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I have a building / physics question...

A major source of heat loss in homes and buildings is infiltration through cracks (warm air from inside seeping out). Wondering if this falls in the category of convection as a mode of heat transfer?

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  • $\begingroup$ Yes/No questions are discouraged on SE sites because typing Yes or No doesn't amount for the number of characters needed to write an answer. $\endgroup$ – Gonenc Jul 1 '15 at 22:57
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Wondering if this falls in the category of convection as a mode of heat transfer?

Yes.

You are discussing heat transfer due to air traveling through a crack in a wall. Any heat transfer due to a moving fluid is convective heat transfer.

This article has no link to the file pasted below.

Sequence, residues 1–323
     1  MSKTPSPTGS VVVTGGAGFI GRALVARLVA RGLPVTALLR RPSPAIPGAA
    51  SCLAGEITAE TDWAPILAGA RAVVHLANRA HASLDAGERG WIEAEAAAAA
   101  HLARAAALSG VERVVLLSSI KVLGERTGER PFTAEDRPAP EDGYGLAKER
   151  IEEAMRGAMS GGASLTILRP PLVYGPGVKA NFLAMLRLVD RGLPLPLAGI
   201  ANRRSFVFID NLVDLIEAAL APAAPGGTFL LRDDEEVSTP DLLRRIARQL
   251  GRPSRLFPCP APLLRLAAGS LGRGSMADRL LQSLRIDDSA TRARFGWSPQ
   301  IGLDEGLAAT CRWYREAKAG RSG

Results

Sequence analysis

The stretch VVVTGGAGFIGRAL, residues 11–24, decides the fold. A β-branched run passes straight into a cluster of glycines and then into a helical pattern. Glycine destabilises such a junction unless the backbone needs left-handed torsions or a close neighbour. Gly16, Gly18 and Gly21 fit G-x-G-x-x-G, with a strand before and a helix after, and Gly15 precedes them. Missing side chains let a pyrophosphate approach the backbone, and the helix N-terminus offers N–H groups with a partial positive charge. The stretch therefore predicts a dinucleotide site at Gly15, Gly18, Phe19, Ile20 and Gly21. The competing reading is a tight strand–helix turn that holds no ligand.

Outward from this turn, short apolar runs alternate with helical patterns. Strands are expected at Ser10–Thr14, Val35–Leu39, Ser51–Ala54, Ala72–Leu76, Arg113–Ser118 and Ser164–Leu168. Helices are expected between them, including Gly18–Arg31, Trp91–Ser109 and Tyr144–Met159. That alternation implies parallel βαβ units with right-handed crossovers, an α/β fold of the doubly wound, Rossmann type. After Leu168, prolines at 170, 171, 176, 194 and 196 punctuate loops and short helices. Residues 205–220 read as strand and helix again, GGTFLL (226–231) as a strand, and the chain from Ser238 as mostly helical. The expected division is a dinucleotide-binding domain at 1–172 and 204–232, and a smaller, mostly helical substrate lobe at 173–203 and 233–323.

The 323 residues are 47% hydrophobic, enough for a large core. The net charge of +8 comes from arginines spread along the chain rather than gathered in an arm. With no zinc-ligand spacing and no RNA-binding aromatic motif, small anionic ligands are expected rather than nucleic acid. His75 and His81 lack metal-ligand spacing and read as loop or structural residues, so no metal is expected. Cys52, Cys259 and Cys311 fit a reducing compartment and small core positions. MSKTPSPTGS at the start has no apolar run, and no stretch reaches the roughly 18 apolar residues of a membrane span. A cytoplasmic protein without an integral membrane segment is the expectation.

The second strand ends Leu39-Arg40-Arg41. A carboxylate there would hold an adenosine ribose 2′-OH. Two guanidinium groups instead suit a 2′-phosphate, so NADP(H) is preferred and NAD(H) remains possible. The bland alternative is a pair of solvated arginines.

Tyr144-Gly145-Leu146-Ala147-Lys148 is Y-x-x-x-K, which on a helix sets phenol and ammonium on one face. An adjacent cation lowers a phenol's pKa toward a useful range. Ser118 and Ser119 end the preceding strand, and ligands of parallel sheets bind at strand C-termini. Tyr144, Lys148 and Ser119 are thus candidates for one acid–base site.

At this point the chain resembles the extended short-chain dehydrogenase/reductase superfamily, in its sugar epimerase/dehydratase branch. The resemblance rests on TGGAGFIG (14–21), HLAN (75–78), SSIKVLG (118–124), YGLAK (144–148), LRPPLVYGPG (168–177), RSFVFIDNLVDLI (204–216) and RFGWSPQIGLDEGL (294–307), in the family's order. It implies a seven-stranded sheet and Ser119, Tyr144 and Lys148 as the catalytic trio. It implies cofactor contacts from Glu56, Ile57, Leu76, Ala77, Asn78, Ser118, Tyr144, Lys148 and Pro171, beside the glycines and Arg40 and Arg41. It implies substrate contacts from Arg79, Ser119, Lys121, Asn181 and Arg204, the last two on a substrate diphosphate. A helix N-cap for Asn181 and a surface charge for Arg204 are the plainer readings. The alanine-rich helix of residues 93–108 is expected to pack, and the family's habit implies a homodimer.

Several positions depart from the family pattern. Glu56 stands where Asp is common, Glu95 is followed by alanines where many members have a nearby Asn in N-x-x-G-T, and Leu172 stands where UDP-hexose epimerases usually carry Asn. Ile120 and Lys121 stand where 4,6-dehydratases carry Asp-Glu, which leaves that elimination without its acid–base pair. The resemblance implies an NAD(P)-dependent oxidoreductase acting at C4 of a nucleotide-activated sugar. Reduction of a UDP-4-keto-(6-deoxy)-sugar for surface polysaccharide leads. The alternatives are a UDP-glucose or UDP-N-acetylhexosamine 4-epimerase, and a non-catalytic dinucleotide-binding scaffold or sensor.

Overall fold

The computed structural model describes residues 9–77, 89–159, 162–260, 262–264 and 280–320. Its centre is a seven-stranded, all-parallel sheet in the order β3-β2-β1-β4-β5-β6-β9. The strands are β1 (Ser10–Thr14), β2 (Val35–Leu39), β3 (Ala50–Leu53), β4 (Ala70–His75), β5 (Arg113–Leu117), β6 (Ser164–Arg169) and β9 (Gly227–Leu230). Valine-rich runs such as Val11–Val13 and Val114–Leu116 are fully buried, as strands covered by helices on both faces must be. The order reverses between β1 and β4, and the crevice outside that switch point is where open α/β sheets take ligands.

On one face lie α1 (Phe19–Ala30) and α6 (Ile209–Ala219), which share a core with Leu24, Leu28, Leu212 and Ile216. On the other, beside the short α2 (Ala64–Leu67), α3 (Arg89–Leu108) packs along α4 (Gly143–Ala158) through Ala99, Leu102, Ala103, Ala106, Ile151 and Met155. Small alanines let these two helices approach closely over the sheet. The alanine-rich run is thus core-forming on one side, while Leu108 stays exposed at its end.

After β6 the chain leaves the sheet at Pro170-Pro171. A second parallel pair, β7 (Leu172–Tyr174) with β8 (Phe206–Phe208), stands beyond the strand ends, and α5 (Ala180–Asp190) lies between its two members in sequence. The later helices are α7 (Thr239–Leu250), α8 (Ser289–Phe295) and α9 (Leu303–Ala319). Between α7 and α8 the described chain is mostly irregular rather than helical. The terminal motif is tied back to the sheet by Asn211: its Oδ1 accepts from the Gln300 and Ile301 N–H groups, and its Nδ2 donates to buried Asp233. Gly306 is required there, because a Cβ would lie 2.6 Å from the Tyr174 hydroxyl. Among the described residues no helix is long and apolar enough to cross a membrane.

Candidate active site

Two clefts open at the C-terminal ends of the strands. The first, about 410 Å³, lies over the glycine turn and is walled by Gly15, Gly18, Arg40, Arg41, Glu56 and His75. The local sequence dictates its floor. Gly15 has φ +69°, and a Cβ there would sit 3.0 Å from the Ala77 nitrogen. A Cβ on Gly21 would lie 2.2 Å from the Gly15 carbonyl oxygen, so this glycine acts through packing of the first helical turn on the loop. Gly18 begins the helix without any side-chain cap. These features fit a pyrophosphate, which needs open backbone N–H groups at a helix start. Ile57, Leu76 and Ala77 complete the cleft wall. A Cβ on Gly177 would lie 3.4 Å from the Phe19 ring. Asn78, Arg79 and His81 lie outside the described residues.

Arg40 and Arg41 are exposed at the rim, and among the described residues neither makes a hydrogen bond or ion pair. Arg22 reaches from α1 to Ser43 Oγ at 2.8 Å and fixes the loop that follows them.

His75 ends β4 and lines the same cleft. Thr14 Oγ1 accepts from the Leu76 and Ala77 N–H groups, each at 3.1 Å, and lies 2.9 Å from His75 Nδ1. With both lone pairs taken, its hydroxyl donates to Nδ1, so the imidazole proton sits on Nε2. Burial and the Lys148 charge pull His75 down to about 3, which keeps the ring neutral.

If there is wind, then it is further categorized as forced convection. If there is no wind, just bouyancy effects due to different gas densities, then it is called natural convection.

For home heating/cooling, conductive and radiative heat transfer will also contribute. The relative importance of convective heat transfer through cracks in the walls depends on the construction. Houses with double-walled construction will have less air leakage than house with single-wall construction.

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My guess, if the source of heat is in the centre of the room, is a mixture of radiation directly to the walls, plus convection of the air to the walls.

When the heat gets to the walls, it's conduction through the walls, unless there are holes, cracks or vents in the walls, when it's convection of air through the walls.

Warm air moves outwards, from the room to the outside, so maybe I would not use the word infiltration in this question.

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